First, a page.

Tuesday, August 5, 2008

Home from a Long Voyage ...

Recently, we returned home from a five-month voyage that began last March. Here are some notable developments in Martian science fiction that occurred while we were away:

Sir Arthur C. Clarke, a space visionary and pillar of science fiction writing for more than fifty years, died on March 19, 2008. Among his many works is The Sands of Mars (1951).

In the Courts of the Crimson Kings, a novel by S. M. Stirling, was published by Tor Books in March 2008. Sample chapters are posted on Stirling's website and a review by Tom Easton is posted on Analog's website.

Lord of the Spiders, by science fiction Grand Master Michael Moorcock, was republished by Paizo Publishing in April 2008. This pastiche of Edgar Rice Burroughs was originally published in 1965 as Blades of Mars under a Moorcock pseudonym, Edward P. Bradbury.

The Martian General’s Daughter, a novel by Theodore Judson, was published by Pyr in April 2008. A summary, sample chapters, and reviews are available at Pyr’s website.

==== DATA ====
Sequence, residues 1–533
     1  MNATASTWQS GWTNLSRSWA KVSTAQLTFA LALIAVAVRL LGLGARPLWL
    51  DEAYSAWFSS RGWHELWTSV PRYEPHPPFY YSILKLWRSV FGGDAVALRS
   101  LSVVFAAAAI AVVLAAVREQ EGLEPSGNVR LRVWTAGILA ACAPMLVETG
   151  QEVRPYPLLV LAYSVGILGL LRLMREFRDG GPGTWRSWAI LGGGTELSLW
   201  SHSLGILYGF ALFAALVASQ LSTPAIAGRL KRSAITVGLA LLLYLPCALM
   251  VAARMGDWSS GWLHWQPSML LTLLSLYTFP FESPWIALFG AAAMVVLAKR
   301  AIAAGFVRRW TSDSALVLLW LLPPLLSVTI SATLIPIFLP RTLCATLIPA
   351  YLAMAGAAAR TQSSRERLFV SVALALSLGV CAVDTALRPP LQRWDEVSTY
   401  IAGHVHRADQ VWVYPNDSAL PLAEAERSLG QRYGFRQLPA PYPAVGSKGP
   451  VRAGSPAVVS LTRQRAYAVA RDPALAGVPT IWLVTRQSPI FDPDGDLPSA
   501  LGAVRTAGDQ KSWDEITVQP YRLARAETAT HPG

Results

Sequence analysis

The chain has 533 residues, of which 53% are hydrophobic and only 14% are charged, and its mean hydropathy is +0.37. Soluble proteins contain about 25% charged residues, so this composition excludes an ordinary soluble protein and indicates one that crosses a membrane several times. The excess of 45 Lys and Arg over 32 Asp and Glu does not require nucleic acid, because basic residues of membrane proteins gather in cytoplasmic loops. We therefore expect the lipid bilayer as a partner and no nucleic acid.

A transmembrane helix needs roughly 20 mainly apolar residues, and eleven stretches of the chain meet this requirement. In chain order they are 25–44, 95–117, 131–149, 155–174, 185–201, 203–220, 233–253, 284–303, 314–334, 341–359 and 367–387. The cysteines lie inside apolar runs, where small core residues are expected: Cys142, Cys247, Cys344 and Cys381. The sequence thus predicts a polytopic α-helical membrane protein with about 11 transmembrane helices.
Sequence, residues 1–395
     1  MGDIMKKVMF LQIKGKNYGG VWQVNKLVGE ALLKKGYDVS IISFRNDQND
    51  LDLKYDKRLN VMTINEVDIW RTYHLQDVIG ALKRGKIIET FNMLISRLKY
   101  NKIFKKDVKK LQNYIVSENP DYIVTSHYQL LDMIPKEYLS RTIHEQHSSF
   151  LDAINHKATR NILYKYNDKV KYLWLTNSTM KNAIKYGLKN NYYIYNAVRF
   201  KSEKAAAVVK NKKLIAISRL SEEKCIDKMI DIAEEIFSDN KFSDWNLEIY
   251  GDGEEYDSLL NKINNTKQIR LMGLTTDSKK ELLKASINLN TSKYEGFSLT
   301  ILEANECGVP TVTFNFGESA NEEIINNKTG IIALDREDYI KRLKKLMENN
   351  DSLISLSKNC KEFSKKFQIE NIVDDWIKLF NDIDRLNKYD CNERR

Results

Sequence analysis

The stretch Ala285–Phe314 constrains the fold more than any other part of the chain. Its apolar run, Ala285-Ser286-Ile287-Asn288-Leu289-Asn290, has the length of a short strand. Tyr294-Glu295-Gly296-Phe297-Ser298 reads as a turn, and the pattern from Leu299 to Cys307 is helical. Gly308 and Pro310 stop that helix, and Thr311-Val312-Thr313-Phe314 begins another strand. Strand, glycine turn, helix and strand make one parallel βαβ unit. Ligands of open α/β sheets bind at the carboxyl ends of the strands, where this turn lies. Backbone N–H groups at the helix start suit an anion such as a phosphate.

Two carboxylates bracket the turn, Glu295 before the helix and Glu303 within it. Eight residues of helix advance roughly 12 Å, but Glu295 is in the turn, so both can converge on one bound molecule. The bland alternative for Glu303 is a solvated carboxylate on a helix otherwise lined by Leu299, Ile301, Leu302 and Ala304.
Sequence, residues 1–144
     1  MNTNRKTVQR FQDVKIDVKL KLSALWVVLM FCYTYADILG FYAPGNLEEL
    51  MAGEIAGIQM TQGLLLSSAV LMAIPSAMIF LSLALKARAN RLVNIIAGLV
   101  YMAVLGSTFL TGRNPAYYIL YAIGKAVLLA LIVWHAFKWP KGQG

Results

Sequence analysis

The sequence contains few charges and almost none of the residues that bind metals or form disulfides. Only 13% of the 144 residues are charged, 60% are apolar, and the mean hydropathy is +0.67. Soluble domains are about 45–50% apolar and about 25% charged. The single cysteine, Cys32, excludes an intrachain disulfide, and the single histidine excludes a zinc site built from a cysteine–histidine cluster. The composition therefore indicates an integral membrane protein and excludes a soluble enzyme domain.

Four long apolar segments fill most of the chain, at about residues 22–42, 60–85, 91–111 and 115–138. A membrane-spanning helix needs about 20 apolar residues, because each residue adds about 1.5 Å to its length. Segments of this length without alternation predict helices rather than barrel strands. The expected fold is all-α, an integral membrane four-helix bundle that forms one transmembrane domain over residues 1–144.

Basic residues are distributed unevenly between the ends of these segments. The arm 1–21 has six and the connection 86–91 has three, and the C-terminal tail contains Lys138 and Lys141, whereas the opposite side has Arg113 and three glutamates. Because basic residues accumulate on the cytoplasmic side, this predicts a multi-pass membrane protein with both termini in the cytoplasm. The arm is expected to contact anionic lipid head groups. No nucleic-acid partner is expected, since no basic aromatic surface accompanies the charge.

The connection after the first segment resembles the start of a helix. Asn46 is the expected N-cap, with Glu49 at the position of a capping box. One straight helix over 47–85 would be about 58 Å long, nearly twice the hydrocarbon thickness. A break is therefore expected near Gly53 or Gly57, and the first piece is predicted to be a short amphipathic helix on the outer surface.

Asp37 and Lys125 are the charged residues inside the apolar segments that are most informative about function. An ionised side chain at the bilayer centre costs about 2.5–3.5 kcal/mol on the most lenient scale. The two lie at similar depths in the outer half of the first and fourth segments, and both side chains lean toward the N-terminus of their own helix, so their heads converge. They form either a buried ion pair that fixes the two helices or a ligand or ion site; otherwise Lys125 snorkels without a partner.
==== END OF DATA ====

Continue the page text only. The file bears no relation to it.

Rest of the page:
Chronicling Mars: The 2008 J. Lloyd Eaton Conference of Science Fiction was held in mid May 2008 at the University of California, Riverside. The conference featured appearances by Ray Bradbury, Frederik Pohl, Kim Stanley Robinson, Geoffrey Landis, Mary Turzillo, Greg Bear, Larry Niven, and Gregory Benford, and the presentation of a number of interesting papers.

NASA's Phoenix Mars Mission spacecraft landed on the Red Planet in late May 2008. The spacecraft contains Visions of Mars, a library in DVD format of Martian-related material, including science fiction classics by Isaac Asimov, Ray Bradbury, and Kim Stanley Robinson. The DVD is designed to survive at least 500 years on the cold Martian surface.

Masters of the Pit, by Michael Moorcock, was republished by Paizo Publishing in July 2008. This epic of sword-and-planet adventure was originally published in 1965 as Barbarians of Mars under Moorcock’s pseudonym, Edward P. Bradbury.

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